If a house has limited access below floors—as with a two-story house, for example—tubing must route elsewhere. Typical solutions are to run tubing vertically through laundry chutes, behind cabinets, exposed in closet corners, or boxed in at one of a room’s corners. Another popular option is to run tubing horizontally in an attic and then drop it down through a wall or into a closet or cabinet. The best runs are short, straight, and direct.
When buying a central vacuum system, it is very important to match the power unit to the house so that the unit is powerful enough to effectively pull dirt through the system from every nook and cranny on every floor. Buying the right size unit isn’t rocket science, but it can be a little tricky. You must take into consideration the square footage of your house, the length of pipe required to service the system, and the suction necessary.
When we’re talking about sizing here, we’re referring to the vacuum system’s main component: the power unit. Most manufacturers offer several models that range in size, power, and price—these are designed to accommodate various sizes of houses both in suction power and in canister capacity.
Though vacuums tend to be rated by air power, air flow, and horse power, these measurements are not good indicators of effective suction.
The most reliable measure is “waterlift,” which is established by a factory test of a sealed vacuum system’s sucking power. Check the manufacturer’s specifications for this number when comparing one model with another. Smaller systems have a waterlift rating of from 105 to 120 inches. As a rule of thumb, these will handle a 2,500-square-foot house. Power units of equal strength do not vary much; in fact, many of the motors are made by the same manufacturer.
When it comes to selecting a brand, pay particular attention to price, service, and warranty. Look for a company that stands behind its product.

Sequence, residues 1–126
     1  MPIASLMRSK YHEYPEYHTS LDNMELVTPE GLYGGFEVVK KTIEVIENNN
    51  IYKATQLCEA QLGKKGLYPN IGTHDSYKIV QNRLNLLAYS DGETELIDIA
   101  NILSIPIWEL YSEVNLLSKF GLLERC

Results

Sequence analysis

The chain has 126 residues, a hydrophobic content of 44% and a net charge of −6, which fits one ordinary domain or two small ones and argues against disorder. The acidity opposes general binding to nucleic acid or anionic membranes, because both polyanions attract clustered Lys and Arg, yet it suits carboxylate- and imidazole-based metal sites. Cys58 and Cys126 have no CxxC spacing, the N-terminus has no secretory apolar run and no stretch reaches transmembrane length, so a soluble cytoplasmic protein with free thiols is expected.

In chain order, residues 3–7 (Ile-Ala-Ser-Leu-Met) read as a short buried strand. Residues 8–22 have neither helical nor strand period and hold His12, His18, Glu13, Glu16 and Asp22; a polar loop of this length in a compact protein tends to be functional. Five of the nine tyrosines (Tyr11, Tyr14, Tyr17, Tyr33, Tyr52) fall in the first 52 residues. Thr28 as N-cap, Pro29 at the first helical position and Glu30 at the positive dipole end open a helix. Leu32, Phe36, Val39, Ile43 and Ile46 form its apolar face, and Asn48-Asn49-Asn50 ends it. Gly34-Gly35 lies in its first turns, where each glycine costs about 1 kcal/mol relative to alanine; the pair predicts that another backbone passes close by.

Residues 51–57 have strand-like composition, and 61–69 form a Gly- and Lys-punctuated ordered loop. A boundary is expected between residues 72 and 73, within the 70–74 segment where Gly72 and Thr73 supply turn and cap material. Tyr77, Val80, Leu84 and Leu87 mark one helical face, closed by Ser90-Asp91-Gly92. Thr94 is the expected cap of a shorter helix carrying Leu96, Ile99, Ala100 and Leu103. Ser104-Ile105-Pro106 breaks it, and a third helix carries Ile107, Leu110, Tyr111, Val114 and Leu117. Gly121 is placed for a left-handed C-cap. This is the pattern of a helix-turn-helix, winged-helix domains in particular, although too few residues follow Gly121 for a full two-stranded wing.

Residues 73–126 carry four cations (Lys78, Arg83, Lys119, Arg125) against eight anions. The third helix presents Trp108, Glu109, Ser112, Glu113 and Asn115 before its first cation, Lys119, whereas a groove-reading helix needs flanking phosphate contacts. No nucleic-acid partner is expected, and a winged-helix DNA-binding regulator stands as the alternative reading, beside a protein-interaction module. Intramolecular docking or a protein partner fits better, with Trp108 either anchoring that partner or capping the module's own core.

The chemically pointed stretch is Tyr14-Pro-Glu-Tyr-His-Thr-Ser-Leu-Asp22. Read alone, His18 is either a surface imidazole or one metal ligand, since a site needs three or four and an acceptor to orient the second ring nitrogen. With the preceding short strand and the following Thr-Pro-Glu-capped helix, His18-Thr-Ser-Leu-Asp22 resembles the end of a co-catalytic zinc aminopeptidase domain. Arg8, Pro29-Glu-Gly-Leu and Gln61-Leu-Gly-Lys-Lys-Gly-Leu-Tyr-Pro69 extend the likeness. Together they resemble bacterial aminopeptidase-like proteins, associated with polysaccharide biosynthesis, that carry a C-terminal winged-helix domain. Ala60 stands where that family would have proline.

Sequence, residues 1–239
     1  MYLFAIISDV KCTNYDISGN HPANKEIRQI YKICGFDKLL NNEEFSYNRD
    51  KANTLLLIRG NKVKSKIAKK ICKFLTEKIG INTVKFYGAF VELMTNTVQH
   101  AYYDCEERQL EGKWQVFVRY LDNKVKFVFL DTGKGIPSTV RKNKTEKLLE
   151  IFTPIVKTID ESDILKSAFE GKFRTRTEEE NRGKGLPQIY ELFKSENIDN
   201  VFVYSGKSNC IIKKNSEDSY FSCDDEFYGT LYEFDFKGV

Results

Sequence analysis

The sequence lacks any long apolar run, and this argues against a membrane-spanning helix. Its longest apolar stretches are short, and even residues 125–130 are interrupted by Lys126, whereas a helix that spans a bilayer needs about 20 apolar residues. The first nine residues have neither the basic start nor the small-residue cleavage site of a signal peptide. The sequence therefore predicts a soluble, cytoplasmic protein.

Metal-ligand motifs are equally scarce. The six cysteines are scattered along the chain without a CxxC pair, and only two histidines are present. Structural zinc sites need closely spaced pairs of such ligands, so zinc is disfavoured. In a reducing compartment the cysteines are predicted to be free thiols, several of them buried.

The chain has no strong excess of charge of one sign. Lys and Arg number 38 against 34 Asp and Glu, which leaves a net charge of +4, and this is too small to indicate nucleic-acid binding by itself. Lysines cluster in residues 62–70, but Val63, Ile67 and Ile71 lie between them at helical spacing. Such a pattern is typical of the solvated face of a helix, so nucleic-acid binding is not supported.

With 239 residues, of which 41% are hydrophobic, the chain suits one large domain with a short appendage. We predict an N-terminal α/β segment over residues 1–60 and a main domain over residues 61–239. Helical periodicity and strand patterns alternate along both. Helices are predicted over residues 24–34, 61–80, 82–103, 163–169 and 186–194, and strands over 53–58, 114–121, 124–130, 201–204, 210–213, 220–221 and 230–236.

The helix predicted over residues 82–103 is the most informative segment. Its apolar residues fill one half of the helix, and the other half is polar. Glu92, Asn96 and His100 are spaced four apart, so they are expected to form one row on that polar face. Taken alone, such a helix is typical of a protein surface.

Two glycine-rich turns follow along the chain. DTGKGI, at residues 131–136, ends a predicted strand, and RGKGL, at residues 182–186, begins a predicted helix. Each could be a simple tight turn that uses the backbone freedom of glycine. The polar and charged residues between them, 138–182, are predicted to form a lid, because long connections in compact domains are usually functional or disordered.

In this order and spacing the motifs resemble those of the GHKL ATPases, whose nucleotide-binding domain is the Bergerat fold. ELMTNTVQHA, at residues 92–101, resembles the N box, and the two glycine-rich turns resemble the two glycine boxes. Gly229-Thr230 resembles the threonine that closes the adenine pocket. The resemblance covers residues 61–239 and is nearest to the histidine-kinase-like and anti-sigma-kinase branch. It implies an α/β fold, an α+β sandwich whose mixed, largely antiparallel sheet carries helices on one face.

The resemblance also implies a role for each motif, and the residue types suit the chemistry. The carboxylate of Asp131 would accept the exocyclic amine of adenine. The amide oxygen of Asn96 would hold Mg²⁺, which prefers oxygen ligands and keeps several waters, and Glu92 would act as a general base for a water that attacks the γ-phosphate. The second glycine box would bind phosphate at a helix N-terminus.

A variety of accessories like the ones used on standard vacuums are available for central vacuums: flooring, dusting, and upholstery brushes; crevice tools; and two types of beater-bar carpet brushes—electric and turbo-powered. Electric heads are the strongest but some models require an electrical receptacle near each vacuum inlet so you can plug in a power cord that runs alongside the hose. Turbo heads utilize the air rushing through the head to spin the beater bar.
Manufacturers offer a variety of improvements on the basic accessories—collection canisters with mold-killing coatings, canisters that can be use with or without vacuum bags, retractable hoses, sock-like covers to prevent hoses from marring wood floors, and digital controls that spell out how efficiently the system is operating, when the canister is full, and when maintenance is required.
Here are a couple of examples: Beam, manufactured by Electrolux, offers an “EasyReach” electrified 13-foot-long hose that is easy to manage but, when a longer reach is required, has an inner hose sleeved in the main hose that expands to a full 30 feet. Simply pushing a button on the handle retracts the extended hose.
KickSweep, one of several makes of floor sweeps, combines the common dustpan with a central vacuum. The result is a baseboard-mounted receptacle that, when opened, sucks in dust and debris as you sweep with a broom.
Central vacuums cost from $600 to $1,500, depending on the power unit and the amount of pipe and fittings needed. Dealers often quote a price based on both installation and materials, but if you plan on installing the system yourself you can request a price for materials only.